Ancient Roman Theatre

Ancient Roman Theatre Ancient Roman Theatre

The ancient Roman Theatre was originally constructed by the inhabitants of the ancient city of Klima, possibly during the Hellenistic Age (3rd century BC).

However, after the destruction of the city by the Athenians in Roman times, above the preserved foundations of the classic theater, a bigger one was built made of snow-white Parian marble and remarkable bas-reliefs, which it is estimated that it had a seating capacity of 7000 spectators. This is also the shape of the theater you see nowadays.

From the theatre seven marble tiers, six rows of seats, the auditorium , the orchestra, the stage floor and a lot of architecturally elaborate parts are preserved. The excavations began in 1989, and the order for the theatre’s first cleaning was given by Ludwig II, Othon’s father, at L. Ross’s instigation, who along with Othon was the first one to visit the ancient theater in modern times.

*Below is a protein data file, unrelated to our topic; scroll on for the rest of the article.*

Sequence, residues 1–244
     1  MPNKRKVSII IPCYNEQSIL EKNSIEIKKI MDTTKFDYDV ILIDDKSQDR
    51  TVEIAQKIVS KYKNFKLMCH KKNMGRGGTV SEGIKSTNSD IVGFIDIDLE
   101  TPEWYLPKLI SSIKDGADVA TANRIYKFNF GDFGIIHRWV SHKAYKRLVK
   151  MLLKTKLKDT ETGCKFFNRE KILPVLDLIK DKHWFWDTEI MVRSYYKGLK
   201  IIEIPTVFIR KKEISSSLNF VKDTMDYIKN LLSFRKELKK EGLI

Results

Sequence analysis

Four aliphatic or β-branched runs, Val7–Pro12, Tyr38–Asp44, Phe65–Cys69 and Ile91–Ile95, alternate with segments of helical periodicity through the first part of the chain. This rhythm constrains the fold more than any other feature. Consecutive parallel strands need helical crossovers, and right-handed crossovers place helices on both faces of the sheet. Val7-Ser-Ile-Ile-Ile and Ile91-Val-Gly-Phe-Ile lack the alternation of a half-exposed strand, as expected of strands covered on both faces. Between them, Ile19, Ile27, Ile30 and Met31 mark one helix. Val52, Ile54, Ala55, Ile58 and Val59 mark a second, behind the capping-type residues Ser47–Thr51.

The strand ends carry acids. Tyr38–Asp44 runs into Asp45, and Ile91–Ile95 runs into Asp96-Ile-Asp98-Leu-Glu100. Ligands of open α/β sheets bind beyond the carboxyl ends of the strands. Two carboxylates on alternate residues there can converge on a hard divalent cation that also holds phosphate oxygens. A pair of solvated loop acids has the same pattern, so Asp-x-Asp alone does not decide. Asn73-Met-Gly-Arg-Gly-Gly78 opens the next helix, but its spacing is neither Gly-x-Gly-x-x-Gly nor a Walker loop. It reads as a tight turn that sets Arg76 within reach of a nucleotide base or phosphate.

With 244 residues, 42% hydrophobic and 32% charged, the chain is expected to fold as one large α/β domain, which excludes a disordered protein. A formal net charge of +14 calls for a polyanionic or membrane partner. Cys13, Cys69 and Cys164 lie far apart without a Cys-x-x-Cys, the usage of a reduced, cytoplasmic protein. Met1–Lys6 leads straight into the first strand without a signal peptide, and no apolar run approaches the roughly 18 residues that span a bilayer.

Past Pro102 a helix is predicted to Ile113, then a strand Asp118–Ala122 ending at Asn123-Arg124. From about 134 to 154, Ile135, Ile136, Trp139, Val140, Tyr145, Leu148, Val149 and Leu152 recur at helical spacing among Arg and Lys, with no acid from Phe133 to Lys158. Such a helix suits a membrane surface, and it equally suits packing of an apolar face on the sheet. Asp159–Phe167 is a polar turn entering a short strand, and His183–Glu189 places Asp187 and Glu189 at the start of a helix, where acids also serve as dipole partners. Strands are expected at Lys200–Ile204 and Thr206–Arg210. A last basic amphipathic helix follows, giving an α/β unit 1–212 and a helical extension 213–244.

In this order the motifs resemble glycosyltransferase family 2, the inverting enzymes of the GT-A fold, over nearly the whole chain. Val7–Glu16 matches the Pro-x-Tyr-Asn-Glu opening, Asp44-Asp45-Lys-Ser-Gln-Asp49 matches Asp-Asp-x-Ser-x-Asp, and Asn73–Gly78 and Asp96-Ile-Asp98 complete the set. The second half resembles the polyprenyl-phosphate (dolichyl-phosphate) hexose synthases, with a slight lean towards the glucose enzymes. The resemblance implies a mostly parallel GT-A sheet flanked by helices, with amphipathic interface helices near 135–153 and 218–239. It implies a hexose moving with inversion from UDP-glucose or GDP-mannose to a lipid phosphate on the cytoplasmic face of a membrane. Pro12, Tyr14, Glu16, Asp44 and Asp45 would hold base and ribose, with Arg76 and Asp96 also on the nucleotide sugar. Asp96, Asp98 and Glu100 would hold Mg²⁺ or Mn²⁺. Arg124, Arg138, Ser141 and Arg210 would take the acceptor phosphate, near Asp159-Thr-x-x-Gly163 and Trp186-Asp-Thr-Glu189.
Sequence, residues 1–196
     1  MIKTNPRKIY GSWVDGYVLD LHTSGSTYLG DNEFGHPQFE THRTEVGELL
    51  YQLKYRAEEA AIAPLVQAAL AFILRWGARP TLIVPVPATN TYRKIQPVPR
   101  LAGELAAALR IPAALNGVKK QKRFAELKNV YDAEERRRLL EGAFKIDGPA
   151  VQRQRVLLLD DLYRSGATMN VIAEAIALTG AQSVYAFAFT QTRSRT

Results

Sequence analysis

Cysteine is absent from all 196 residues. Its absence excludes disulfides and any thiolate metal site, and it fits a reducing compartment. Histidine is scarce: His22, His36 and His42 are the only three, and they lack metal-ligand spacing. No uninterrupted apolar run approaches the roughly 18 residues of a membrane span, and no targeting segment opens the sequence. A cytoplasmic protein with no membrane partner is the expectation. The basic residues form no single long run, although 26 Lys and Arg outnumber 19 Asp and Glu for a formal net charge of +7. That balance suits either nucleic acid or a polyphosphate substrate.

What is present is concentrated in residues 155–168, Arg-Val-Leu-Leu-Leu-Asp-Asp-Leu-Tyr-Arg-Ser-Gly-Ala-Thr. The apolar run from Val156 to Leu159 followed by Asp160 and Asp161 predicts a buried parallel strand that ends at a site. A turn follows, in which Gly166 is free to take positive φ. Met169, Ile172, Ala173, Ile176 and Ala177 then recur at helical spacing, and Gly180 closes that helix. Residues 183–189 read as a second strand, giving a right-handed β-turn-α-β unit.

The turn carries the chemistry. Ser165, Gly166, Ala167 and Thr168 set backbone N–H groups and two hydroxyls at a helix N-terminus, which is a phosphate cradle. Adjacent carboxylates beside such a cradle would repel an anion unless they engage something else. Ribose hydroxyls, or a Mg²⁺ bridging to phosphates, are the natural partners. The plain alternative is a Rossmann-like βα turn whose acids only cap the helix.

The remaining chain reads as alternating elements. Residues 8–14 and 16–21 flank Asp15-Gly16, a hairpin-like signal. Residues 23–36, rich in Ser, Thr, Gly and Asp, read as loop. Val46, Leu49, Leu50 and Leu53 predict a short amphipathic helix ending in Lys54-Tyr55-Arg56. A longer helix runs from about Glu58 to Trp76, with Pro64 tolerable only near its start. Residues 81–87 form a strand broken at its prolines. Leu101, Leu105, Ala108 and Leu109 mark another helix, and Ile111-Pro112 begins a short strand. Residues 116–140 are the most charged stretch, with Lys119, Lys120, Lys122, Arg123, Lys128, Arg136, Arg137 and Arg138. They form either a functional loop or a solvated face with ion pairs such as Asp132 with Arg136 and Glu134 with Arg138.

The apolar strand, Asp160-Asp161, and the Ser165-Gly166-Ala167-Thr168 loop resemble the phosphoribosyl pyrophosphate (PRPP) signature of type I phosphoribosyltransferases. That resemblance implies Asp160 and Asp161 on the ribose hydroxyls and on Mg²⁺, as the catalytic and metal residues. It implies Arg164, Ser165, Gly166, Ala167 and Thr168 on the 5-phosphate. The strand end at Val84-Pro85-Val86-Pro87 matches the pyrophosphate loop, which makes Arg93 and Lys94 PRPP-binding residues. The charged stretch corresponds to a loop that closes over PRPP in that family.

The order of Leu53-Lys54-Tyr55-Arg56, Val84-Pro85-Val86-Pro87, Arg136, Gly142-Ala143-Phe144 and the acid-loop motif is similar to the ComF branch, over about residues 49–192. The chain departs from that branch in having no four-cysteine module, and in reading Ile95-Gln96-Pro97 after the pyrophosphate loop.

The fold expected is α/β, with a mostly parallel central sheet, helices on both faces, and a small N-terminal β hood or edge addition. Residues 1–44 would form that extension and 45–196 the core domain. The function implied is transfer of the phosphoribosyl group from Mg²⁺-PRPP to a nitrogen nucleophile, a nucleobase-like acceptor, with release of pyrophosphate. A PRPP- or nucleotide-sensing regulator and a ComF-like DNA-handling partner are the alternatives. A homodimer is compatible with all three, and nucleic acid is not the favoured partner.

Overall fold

Built on prominent spot, on the hillside, the theatre overlooks the port, the view from there is spectacular and its acoustics are very good. So, quite often theatrical performances and music happenings take place there, as in its present shape  the theater has a seating capacity of 700 spectators.

Additional Info

  • Area: Klima
  • Map: